This topic contains 5 replies, has 2 voices, and was last updated by Anonymous 11 years, 12 months ago.
Dear All, wondered if you could help.
I have been in my post for 7 months and we still have no fundraising strategy in place. With my boss we have determined some short term goals/how my time would best be spent, but I’m thinking a strategy is a must, for the charity and for me. I would like to present one to my boss and trustees, but have no idea what one looks like – how long it should be etc.
Could anyone advise me and/or let me have a copy of their strategy to look at?
Many thanks in advance
Action for Children in Conflict
I’ve just done one. 11 pages.
Introduction, overall funding strategy, aims, objectives, review of current position, following 2 years income and expenditure with shortfall highlighted. Then proposed or new sources of income.
I copied a SWOT thingy from our old business plan and updated it slightly.
I actually used someone else’s 22 page document to get ideas from, though plenty isn’t relevant to my charity.
Not accepted by the trustees yet – only my boss has seen it. But need trustee input to finalise it for this year – they may not want to grow as much as I want us to.
Just one thing missing from your list Martin – although I’m sure its in your strategy.
Who is responsible for what.
Vitally important. Everyone in the organisation has a role in supporting fundraising and these need to be defined in any strategy (e.g. trustees networking, finance department reporting, if applicable, frontline staff assisting with reception of and explanation of work to visiting funders, etc.)
Thanks for your comments both.
Maybe I should give a bit more background detail about my situation: we have a head office of 1 full time CEO, me (part time fundraiser) and a part time finance administrator. We have 5 trustees of which only 3 ever show up to meetings, the other two I have never even met. We have no fundraising committee and although my boss supports me by reading all my applications, making comments and is heavily involved in our shops and direct mail fundraising (ie. unrestricted) I am the only one working on restricted fundraising.
I don’t know if this would make a strategy easier or more complicated. We also are living hand to mouth a bit and I think any strategy would have to focus on short term as things like legacy fundraising etc. can’t be a priority for us right now as we need money now rather than in ten or twenty years’ time…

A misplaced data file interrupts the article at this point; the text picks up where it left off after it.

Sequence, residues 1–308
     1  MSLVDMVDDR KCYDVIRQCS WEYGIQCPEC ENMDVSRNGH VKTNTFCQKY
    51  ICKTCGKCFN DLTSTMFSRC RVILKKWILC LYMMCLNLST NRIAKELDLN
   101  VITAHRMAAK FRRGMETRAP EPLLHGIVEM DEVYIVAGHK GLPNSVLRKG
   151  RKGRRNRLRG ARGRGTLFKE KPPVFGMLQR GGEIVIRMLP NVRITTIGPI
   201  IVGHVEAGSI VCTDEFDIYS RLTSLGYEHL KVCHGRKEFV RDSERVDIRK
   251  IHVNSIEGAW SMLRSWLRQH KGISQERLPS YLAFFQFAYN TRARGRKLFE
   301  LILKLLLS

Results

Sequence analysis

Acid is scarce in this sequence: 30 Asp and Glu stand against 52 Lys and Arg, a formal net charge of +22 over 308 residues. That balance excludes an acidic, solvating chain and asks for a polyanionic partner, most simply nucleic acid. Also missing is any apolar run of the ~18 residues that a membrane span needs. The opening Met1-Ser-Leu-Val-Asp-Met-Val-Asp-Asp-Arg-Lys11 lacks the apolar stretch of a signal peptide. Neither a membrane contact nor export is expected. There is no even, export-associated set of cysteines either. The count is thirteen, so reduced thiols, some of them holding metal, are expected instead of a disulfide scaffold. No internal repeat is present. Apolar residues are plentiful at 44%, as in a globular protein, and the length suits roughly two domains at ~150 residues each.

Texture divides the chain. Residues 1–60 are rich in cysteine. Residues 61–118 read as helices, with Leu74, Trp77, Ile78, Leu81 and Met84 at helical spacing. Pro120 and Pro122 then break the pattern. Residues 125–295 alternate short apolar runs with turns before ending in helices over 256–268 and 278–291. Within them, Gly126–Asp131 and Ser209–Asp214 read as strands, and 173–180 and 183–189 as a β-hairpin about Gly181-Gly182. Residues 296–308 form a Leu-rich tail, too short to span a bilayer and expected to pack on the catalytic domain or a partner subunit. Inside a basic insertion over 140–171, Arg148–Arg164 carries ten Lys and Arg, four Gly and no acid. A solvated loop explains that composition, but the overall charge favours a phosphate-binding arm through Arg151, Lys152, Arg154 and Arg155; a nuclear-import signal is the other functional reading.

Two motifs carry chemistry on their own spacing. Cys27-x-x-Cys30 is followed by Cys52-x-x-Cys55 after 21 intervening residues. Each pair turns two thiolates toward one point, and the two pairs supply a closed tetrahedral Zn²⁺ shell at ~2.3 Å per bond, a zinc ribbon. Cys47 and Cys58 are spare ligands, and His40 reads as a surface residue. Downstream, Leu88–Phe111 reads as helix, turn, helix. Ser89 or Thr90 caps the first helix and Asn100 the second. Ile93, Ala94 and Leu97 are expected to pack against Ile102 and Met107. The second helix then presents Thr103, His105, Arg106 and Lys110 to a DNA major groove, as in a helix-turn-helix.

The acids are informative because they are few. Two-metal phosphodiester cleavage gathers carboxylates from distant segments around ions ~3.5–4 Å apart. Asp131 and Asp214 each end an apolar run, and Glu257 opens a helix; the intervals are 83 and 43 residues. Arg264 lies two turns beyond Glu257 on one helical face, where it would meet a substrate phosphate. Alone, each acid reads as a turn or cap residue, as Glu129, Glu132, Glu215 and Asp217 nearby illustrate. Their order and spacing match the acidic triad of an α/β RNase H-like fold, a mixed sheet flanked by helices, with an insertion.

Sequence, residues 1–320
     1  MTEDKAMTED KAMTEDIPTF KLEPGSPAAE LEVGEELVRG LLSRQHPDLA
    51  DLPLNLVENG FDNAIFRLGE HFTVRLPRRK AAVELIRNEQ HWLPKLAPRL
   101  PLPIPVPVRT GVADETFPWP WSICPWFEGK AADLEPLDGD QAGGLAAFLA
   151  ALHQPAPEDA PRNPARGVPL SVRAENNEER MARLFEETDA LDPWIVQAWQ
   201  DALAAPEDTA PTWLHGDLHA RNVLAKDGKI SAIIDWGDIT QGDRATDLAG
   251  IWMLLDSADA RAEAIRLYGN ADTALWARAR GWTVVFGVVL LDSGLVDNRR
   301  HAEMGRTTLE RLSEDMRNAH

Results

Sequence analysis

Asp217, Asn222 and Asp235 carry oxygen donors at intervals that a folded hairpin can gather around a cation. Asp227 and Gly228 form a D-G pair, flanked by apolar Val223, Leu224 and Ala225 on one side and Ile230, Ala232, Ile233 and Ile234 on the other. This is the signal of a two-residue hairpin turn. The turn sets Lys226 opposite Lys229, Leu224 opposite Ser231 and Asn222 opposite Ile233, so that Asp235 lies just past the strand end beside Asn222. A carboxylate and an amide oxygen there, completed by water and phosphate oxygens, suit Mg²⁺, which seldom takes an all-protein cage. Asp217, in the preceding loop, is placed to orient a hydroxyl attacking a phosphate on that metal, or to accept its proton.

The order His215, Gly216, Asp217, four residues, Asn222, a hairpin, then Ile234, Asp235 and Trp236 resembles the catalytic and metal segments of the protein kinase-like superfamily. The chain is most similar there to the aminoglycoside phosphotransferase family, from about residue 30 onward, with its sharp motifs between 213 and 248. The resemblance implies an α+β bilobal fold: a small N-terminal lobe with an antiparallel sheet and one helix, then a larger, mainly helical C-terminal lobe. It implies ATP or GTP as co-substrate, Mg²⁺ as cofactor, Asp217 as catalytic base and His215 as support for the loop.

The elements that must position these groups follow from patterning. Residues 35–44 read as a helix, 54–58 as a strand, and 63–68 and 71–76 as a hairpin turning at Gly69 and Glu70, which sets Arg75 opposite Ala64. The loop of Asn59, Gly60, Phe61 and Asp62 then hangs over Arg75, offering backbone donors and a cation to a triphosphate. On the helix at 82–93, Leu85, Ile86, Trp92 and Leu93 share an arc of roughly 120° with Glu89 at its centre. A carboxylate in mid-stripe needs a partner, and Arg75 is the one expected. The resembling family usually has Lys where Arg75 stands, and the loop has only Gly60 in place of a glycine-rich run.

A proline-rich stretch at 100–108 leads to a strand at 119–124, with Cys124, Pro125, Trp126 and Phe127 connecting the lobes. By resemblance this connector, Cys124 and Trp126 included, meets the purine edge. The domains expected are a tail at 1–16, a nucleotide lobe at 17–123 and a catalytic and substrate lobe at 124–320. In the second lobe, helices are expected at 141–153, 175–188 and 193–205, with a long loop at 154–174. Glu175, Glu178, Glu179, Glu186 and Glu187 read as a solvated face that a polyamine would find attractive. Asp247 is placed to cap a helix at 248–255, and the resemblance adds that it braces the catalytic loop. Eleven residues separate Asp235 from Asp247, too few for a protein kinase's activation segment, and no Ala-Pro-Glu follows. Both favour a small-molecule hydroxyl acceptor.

people talk about getting the trustees involved, in prospecting donors etc but with only three days a week and on my own i find it hard to have enough time to do everything!
Hope to hear back with some wise pearls of wisdom
many thanks in advance
If two of your trustees “never” attend meetings, why are they on the board?
If you have to present the strategy to your boss and trustees then it’s not carved in letters of stone, it’s up for discussion/negotiation.
When write documents for presentation to the board, I put in whatever I want (well, within reason – it’s generally relevant and sensible. Ish.) Then I discuss with the trustees and changes are made as appropriate.
Strategy documents are not an exercise to be stuck on a shelf or in a filing cabinet. They are working documents which are reviewed regularly and adapted as required.
You have a choice: you can write a strategy based on what you think you can achieve working completely on your own. Or you can write a strategy which involves everyone – including necessary training/development for them and you in that work if necessary. The trustees role can start as simple as “advertising” – i.e. in appropriate situations – the ‘getting to know someone’ type stuff – they should be including their trusteeship in response to the “What do you do?” question – and if people are interested, explaining the work, asking people if they would like to be added to your newsletter/events list.
In six months time – you go back to your strategy and work out what’s working, what’s not – and *why*, and talk about what might need to change to a) make the good things work better b) make the not working things work.
Since I started this message off outspoken, I’m going to end it outspoken: if I was working for an organisation where trustees refused to take any responsibility whatsoever for fundraising – even the small one I outlined above – I’d quit.
Actually I missed who is responsible for what from the strategy. Will include in the next draft.
Thanks for that.
Our staff are supportive – just the management committee that may or may not do much.
I can come up with ideas of where I see the organisation in 3 years, and how to get there. But ultimately the responsibility belongs to the trustees – they may have totally different ideas.
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